I remember opening that email. The overwhelming weight of nervous emotion that collapsed into a wave of ecstasy as I read, then re-read, then read again those words: “Congratulations. You have been accepted.”
That moment marked the end of so much. The destination had been reached. The long nights of studying made worthwhile, the pre-requisites taken and survived. Trying to compile an accurate reflection of one’s life wading through resumes, CVs, hunting down references and contact information all for the application: done.
But that email was only a brief moment of respite. Questions began flooding into the mind to replace the anxiety that had occupied it until that moment. Who would I join on this journey with? Will I find the camaraderie of friendship within this new community? Will I find acceptance and support from this group of strangers of whom I know nothing yet have so much in common?
We arrive and introduce ourselves, all somewhat sheepish. Filled with giddy anticipation a handshake is extended, a name is offered. What was your major? What was your MCAT score? Do such things even matter now? You’re from Ontario? That must be tough with your family so far away?
A few words of welcome from a guest speaker provide prognostications: “You will become close friends as you travel through medicine together. Some of you will become lovers. The desire to seek and find comfort in the protective embrace of partnership is only human.”
Then, on one of those first evenings that combine the perfect ratio of alcohol and elation we dance. We dance together, the music pumping rhythmically and across the dance floor something happens that can only be seen by those who were there. Amidst the gesticulating and gyrating bodies a tide of emotions washes over the floor and takes away with it all the stress, the crippling self-doubt and the nauseous worry that filled our lives as we applied to medicine replacing it with relief. We had made it. We had found friends. We were here and in that moment, on that dance floor we felt as immortal as the Greek Gods. Nothing could take away that sense of victory.
Time passes. More quickly than any of us would ever wish. The predictions made by an introductory lecture turn true. Some of us become lovers. Friendships blossom. We stare down a new challenge: To leave the protective embrace of a lecture hall and begin walking the halls as a clerk, the thought, both exhilarating and terrifying. The friendships and relationships, so easily built and maintained will no doubt be stretched, as we are required to walk forward into this great-unknown alone, greeting fate by ourselves.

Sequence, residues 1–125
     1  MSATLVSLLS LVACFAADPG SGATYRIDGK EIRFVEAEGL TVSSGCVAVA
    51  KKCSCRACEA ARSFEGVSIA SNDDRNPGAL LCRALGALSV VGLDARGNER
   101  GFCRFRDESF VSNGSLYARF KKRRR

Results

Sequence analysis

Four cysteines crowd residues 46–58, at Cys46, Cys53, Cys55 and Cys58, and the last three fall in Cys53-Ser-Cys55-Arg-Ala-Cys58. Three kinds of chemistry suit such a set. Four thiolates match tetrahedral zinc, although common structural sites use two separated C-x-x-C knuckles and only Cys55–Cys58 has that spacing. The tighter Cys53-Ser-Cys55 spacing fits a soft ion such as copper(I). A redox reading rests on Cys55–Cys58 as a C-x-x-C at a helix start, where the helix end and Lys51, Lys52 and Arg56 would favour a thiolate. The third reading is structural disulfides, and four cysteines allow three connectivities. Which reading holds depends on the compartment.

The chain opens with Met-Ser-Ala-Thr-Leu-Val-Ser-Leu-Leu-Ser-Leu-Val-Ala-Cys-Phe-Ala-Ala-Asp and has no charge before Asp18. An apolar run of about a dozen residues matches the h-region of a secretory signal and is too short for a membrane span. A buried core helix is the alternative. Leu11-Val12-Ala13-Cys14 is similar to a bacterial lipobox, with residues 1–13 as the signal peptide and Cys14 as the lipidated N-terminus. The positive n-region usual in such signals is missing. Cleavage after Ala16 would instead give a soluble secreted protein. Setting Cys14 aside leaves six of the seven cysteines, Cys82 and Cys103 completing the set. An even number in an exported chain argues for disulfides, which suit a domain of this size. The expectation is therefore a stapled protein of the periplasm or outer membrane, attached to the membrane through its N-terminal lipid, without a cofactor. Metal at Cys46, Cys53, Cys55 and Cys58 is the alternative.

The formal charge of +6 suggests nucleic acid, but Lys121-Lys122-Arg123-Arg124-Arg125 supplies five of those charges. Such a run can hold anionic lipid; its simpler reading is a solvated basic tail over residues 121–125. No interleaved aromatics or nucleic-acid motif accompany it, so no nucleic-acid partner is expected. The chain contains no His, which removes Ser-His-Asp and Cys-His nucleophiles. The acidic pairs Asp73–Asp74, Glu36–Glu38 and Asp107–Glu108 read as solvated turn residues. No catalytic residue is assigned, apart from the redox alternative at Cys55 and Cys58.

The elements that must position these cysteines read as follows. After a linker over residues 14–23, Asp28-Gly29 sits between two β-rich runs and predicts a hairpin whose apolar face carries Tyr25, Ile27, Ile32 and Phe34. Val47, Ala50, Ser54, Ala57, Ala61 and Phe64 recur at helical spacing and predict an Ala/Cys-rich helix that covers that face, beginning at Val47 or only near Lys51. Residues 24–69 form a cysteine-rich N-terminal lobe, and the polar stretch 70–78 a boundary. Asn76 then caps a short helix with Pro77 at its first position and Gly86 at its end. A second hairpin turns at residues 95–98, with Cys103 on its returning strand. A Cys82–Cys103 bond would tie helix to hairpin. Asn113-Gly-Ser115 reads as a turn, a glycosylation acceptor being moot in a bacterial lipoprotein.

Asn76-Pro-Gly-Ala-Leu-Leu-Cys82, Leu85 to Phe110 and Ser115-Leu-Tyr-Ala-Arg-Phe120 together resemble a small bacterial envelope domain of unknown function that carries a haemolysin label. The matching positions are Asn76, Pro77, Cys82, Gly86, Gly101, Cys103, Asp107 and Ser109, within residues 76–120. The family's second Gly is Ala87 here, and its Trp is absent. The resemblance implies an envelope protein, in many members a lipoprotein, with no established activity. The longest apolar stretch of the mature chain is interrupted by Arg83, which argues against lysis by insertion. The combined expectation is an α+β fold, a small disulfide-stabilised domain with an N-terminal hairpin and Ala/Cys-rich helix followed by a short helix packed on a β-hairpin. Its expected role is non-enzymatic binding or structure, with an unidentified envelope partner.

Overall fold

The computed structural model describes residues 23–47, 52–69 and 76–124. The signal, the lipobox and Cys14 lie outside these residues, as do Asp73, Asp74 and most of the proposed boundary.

The next stage of the journey, so communal until now yet so isolating, beckons us. The sirens call drawing us forward. Who will we be when we emerge from this labyrinth? Will we recognize ourselves? Will we recognize each other?
We know what lies ahead: disease, injury, and death. We will be forced to face human suffering, the likes of which many of us in our privileged existence have never encountered before. People will seek comfort in us, barely knowing our names. We will fail. We will question ourselves. We will wonder if it is worth it.
But in those moments of triumph and tragedy we will grow and begin adopting the mantle of responsibility bequeathed to us, the completion of each block, each rotation, not unlike one of Hercules’ 12 labors in his bid to find his own peace.
The welcoming words of that email sent just two years ago seems so far away now. I am a different man than the one I was on that sleep-deprived morning. I will be a different man again two years hence.
In the final days of our pre-clinical years they ask us to write a reflection on the prompt “From Here to There.” Yet I am neither here as Odysseys stood outside the gates of Troy, nor am I yet there, Ithaca, home, my journey complete. I am still amidst this odyssey with many trials overcome while many more await me still.
Gregory Sawisky is a medical student in Canada.